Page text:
War Child


Fashion designer Stella McCartney today joined forces with the War Child UK to launch an international art project aimed at supporting children in some of the world’s toughest conflict zones.

The Draw Me to Safety art project was launched in London at the Global Summit To End Sexual Violence in Conflict. Its aim is to use art created by children from across the UK and conflict-affected countries to promote messages about what the concept of safety means to different children today.

Stella McCartney said: “This project is about young people standing with children affected by conflict. Children see the world with clarity and honesty. War Child UK and I are excited to share their insights through art that will raise awareness and encourage the world to do more to protect children from war.”

The initiative will engage 8-15 years olds in the UK and in conflict-affected countries on the issues facing children in war; asking young people to create artwork answering the question ‘What makes you feel safe?’ Stella McCartney will then create an exclusive fashion product inspired by children’s drawings with proceeds going directly to War Child UK to help protect children in some of the most dangerous war zones in the world.

Rob Williams, Chief Executive of War Child UK said: “There are children across the world who don’t know what safety means because all they have ever seen is conflict. Draw me to safety is about the power of children's voices to talk directly to the world. We are very grateful to Stella McCartney for her response to these voices and her support to help make safety a closer reality for children in war, and to Angelina Jolie for her support and attending this launch event."

Some of the first entries from children in the Central African Republic, Democratic Republic of Congo, Syrian refugees and Afghanistan, will be reviewed by Polline, a survivor from Northern Uganda who was abducted into sexual slavery aged 12. Talking about the project she said:

Polline said: "We need to provide a safe environment for children. We need to respect children's rights, treat them fairly and provide education - let education be the first priority for helping children in conflict." An online gallery will also display the images, illuminating the juxtapositions and similarities between children in the UK and children living in conflict. Angelina Jolie, who is co-hosting the Global Summit To End Sexual Violence in Conflict and was present at the launch, said: "I hope that this campaign will encourage people to think about conflict from the perspective of children. It has been very eye opening and moving to see all the different ways in which children illustrate safety."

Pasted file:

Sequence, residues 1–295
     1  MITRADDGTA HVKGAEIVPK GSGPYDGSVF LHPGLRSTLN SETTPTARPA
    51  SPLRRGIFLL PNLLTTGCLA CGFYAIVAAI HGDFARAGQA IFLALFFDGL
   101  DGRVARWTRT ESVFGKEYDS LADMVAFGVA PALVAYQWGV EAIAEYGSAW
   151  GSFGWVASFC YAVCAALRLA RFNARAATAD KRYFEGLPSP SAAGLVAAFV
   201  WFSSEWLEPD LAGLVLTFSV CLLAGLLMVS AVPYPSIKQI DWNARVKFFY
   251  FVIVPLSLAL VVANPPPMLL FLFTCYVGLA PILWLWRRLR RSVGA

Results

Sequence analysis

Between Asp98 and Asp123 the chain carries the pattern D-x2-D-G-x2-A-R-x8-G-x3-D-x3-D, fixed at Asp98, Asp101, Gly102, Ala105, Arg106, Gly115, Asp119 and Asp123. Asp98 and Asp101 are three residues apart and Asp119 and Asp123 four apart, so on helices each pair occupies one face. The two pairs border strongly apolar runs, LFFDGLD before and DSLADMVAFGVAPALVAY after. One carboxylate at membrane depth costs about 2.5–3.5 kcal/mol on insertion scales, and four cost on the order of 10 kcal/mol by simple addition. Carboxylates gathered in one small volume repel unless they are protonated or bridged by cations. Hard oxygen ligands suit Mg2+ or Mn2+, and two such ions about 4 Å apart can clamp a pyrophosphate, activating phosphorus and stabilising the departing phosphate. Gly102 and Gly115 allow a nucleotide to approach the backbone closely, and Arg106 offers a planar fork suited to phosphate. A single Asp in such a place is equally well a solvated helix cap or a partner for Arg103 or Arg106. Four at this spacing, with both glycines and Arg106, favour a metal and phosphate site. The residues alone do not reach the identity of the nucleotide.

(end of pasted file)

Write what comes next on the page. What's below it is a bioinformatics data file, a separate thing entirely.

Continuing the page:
For more information, please contact Natasha Dyer at natasha@dhacommunications.co.uk; 0207 793 4035/07590024387 or Jon Flinn on jon@dhacommunications.co.uk; 0151 709 0505.



A 24-year-old woman held as a sex slave for four years in Uganda had a special audience with Prime Minister David Cameron today, as an international summit to end sexual violence in conflict zones around the world opened in London.

Polline spoke with Mr Cameron at No. 10 Downing Street about her experience in Uganda, and subsequent work with the charity, War Child UK, to raise awareness of sexual violence in conflict, and stress the importance of education in helping victims recover from abuse. She said: “The Prime Minister was so patient with me and he listened to my experiences. David Cameron also heard my recommendations for change. I told him survivors of sexual violence should be supported in terms of education. And there needs to be more funding for those who are unable to go back to school. They should be provided with training skills in order for them to acquire employment as this would help them to earn a living and build their lives and hopes again.”

Polline was joined at the meeting by Foreign Secretary William Hague and UN special envoy Angelina Jolie. Currently studying law so she can bring sexual abusers to justice, Polline was kidnapped by Lord’s Resistance Army rebels in Northern Uganda when she was just 12 years old and held as a sex slave for 4 years. At 16 she fell pregnant after being forced to become the ‘wife’ of a rebel commander. Following a traumatic operation after she miscarried, a nurse helped her escape and return to her family.

For more information, please contact Natasha Dyer at natasha@dhacommunications.co.uk; 0207 793 4035/07590024387 or Gemma Cropper at GemmaC@warchild.org.uk; 07769694111.

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